Rediscovering the Freedom of Bicycling

Michelle Chauvin on a shopping trip with her Port-O-Trike.

Sterling Heights, Michigan

Bike riding is something I’ve always enjoyed. After my husband and I were married, we would drag our bikes down the stairs from our third-floor apartment for a four-mile ride and run every day after work.

Seven years later we had our son, and two years after that our daughter followed. Family bike rides became the norm on the weekends. We would seek out different parks and trails to ride—a great way to spend family time.

It wasn’t until the kids were about 10 and eight years old that I noticed a slight decline in my endurance when I rode my bike. It was harder to keep up with my family, and the bike rides were becoming shorter.

Having been diagnosed at age 12 with FSHD, I felt lucky that I had been able to ride a bike as long as I had, but sad that soon I might not be able to ride with with my husband and kids. When I began to need help lifting my feet onto the pedals, I knew that time was probably at hand.

To keep up, I knew I needed a change. At first I tried an electric Razor moped with a seat. That worked fine until my arms collapsed onto the handlebars during a ride, twisting the steering column, and landing me face-first on the asphalt.

About this time, my dad had purchased an electric, two-wheel bike. I thought the idea of a power-assisted bike was great, but I still had the problem of how to balance the bike while lifting my feet onto the pedals when I took off. That’s when I thought about a three-wheel, electric-assisted trike.

After doing some research I found a company in New York called Worksman Cycles. They produce a lightweight, small-wheeled, quality-built electric trike. It’s called an electric Port-O-Trike, and this bike isn’t your grandpa’s bike!

At my age, I really did not want a bike that looked like an old-style trike. With its scaled-down tires, its motor inconspicuously hidden in the front wheel hub, and a cool choice of colors, I was actually pretty excited to try it out! As an added bonus, this trike folds in half for portability.

No doubt these bikes run a little on the pricey side (an average electric trike runs about $1,200), but the thought of rejoining the family on bike rides outweighed that hefty price tag. I was ready to put the order in, when I decided I should probably check local online sales first. A local search on Craigslist found the exact same Worksman Cycle for sale, barely used, for $900.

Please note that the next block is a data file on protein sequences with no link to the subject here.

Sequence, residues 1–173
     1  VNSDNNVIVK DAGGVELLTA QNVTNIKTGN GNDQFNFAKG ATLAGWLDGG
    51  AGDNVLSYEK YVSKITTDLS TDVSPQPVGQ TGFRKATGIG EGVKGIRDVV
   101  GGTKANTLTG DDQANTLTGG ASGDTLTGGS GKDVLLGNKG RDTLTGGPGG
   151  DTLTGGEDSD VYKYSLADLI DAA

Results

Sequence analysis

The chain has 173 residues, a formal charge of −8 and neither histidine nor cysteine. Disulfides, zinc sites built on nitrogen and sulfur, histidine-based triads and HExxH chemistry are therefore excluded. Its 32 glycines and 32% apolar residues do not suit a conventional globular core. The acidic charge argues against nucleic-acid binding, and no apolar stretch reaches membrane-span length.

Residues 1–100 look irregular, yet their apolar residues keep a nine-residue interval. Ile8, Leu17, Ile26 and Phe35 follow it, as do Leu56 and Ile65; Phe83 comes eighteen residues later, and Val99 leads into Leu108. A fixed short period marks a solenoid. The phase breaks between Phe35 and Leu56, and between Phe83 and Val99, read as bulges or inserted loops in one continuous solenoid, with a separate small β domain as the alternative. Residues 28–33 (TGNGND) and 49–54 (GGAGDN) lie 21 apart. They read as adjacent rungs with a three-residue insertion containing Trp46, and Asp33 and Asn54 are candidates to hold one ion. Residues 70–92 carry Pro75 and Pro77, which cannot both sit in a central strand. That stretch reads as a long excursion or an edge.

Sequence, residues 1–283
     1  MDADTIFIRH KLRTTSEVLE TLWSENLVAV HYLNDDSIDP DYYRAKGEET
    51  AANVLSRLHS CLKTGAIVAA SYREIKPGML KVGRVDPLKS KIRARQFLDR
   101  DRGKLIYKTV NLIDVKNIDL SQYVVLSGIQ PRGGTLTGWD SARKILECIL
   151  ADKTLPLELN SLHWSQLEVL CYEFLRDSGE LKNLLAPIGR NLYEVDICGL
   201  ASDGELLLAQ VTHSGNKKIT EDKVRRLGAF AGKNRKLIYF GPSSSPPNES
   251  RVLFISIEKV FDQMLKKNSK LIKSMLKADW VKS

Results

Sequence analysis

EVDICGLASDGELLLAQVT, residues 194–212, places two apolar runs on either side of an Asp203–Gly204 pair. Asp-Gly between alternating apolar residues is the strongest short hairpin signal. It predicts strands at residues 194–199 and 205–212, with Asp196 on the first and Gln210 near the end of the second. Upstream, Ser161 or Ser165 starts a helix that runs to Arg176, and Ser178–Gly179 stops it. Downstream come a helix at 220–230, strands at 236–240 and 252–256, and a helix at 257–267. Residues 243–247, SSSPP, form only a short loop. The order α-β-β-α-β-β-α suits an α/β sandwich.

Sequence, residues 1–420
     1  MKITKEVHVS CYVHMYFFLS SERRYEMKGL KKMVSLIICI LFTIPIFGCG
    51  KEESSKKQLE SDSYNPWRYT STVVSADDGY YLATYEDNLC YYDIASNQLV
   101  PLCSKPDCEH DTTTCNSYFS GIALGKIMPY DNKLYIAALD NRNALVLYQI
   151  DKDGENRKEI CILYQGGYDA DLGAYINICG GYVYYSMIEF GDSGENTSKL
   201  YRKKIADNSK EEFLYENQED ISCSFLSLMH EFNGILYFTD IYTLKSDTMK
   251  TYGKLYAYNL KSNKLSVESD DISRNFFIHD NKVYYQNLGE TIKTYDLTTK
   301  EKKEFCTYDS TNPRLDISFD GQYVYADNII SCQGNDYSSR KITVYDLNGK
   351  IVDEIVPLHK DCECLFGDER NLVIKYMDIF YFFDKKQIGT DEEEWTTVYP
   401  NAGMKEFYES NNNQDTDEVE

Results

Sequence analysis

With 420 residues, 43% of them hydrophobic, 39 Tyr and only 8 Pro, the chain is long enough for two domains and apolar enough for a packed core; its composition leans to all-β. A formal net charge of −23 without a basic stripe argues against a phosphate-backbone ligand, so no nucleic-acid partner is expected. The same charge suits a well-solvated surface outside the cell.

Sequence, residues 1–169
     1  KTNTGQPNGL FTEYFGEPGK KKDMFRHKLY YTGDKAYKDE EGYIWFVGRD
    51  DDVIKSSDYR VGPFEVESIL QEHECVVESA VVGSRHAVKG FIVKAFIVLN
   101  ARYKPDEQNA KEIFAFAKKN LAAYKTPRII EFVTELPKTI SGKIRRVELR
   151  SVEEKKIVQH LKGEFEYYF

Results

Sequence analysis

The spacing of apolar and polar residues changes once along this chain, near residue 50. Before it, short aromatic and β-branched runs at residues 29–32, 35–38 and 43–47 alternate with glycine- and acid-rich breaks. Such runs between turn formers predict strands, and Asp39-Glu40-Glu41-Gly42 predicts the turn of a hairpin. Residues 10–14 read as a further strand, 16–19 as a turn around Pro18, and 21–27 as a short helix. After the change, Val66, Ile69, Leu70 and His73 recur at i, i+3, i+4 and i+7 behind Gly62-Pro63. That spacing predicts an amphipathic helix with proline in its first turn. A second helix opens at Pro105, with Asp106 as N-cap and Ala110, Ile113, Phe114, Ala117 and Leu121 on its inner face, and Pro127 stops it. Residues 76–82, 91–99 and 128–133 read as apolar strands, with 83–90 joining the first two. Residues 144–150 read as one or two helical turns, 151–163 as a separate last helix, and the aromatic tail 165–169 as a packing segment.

My husband and I went to check it out and were pleasantly surprised at its appearance and ease of use. I took it for a test drive, and minutes later we were loading it up into our minivan. The only adjustment I made was to add a backrest for more support.

There are a few other things to consider when thinking about purchasing this bike, like foot straps for the pedals, and whether or not a seatbelt might also be needed. A belt can easily be wrapped around a backrest to keep the rider secure and balanced.

With an electric bike also comes the choice of either a lead acid or lithium ion battery. I have a lead acid battery, which is less expensive but also twice the weight of a lithium ion battery.

In addition to the Port-O-Trike, Worksman Cycles also sells many other adaptable bicycles, including two-person bikes. The trike easily handles both paved pathways and dirt roads. As long as the rider feels secure on the trike, he or she should be able to handle both.

In this past year, my trike has seen more than its fair share of mileage—from local trails to Yellowstone, to Colorado Springs. For me, the freedom of jumping back on wheels and being able to once again hit the trails with my family has proved to be priceless.

Link to Worksman Cycles Port-O-Trike


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